Next, if you're here for "should I read this, since I watched the movie". For me, having seen the movie before reading this, these two pieces might share the same name, but the stories are completely different. Comparing them would be like comparing apples and oranges. Character names may be the same, but each tells a vastly different tale with some similar plot points. I don't want to give spoils but here are light examples, this book starts when Sally & Gillian move into the Aunts house, and tells their entire life story before diving into the events of the movie. While some key points are similar, the story plays out differently so it's worth the read to then ponder over which of the girls choices did you prefer. Aside from that everyone is aged up, Sally's girls are in their teens, and the Aunts are in their nineties. So these factors alone, make for a very different story. TL;DR - Just because you watched the movie doesn't mean you will be able to predict the book.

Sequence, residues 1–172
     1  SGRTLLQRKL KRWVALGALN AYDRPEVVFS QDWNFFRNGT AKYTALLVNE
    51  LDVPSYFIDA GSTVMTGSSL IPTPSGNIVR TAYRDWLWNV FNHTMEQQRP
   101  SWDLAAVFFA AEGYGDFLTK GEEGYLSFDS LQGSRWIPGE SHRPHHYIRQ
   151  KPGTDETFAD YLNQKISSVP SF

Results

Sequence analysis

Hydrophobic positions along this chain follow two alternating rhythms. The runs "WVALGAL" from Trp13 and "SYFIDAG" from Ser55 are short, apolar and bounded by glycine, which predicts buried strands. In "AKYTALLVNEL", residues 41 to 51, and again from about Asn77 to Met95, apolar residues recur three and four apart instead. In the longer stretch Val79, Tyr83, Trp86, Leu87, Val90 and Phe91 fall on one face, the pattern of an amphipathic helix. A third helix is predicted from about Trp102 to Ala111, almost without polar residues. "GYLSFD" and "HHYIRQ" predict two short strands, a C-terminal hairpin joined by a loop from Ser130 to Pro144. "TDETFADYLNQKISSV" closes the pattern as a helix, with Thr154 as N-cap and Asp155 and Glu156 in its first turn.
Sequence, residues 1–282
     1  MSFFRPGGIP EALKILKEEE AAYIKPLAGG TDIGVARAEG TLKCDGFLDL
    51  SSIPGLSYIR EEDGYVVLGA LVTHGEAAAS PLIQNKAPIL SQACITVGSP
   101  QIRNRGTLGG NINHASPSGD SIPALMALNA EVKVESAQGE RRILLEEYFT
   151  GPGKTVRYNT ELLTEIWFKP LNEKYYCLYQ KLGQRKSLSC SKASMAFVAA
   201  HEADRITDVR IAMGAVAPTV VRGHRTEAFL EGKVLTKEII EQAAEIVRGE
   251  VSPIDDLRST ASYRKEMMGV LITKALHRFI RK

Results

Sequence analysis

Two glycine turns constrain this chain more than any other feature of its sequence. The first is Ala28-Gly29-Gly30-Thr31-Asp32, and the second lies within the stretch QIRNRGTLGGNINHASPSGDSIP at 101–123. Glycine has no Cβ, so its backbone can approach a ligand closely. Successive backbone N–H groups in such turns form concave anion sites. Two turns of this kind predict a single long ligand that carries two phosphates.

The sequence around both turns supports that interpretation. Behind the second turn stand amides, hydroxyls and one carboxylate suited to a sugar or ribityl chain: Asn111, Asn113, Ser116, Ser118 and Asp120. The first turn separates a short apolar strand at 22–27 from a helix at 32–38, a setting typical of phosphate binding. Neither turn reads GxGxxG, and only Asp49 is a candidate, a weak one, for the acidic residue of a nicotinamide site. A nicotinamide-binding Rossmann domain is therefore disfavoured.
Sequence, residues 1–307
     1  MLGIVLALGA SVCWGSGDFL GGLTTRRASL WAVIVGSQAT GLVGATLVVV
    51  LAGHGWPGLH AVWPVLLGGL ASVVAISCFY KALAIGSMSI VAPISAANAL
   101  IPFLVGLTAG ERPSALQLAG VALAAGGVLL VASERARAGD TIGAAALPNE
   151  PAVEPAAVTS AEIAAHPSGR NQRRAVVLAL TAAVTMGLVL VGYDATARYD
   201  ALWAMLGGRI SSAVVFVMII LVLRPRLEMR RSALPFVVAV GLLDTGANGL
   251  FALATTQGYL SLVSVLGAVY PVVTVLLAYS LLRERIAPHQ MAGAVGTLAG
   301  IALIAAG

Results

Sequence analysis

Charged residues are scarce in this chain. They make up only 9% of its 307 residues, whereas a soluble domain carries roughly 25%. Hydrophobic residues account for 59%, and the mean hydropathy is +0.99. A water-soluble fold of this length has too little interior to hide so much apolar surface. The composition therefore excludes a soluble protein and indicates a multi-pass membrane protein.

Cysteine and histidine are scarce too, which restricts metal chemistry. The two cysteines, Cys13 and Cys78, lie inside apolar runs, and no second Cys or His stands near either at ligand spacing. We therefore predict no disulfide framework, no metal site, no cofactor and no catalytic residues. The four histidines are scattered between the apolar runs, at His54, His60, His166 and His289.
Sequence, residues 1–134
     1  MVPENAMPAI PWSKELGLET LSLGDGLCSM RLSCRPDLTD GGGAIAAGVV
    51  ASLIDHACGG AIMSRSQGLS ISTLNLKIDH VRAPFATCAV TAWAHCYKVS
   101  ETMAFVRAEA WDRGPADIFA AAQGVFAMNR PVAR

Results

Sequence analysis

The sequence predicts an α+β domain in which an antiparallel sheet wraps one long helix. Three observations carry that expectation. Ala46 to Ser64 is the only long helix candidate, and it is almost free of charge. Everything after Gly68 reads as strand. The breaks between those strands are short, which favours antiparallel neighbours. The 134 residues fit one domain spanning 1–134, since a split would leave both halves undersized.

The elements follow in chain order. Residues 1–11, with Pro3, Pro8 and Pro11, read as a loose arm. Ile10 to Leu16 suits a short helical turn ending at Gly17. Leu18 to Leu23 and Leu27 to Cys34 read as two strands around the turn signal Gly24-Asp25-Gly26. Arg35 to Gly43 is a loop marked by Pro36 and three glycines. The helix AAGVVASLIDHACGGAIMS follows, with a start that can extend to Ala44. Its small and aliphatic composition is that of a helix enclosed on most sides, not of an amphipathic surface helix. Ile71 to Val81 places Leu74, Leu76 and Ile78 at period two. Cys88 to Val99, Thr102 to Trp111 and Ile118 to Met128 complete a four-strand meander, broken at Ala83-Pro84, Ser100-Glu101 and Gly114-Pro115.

Having read the two prequels, it is very obvious that when this book was written, the full Owens family history hadn't been flushed out yet. There are minor details that are changed / different compared to the lore that those two books build for us.
One of my favorite parts about this book is to see just how much Alice Hoffman improved her writing craft from the 90s to today. I'm in awe at the growth she had as a writer and a world builder. I would love to see her remaster this story to fit the current lore, and her current writing capabilities. I'm a huge nerd for watching writers learn the craft through reading their books, and this is one of the biggest glow ups I've had the pleasure of reading through.
So with that in mind, this book does not read like the prequels at all. It is much more narrative, and less whimsical history book. Which knowing this was written two decades ago, that doesn't disappoint me at all. It's a product of it's time, and where the writer was when she wrote it.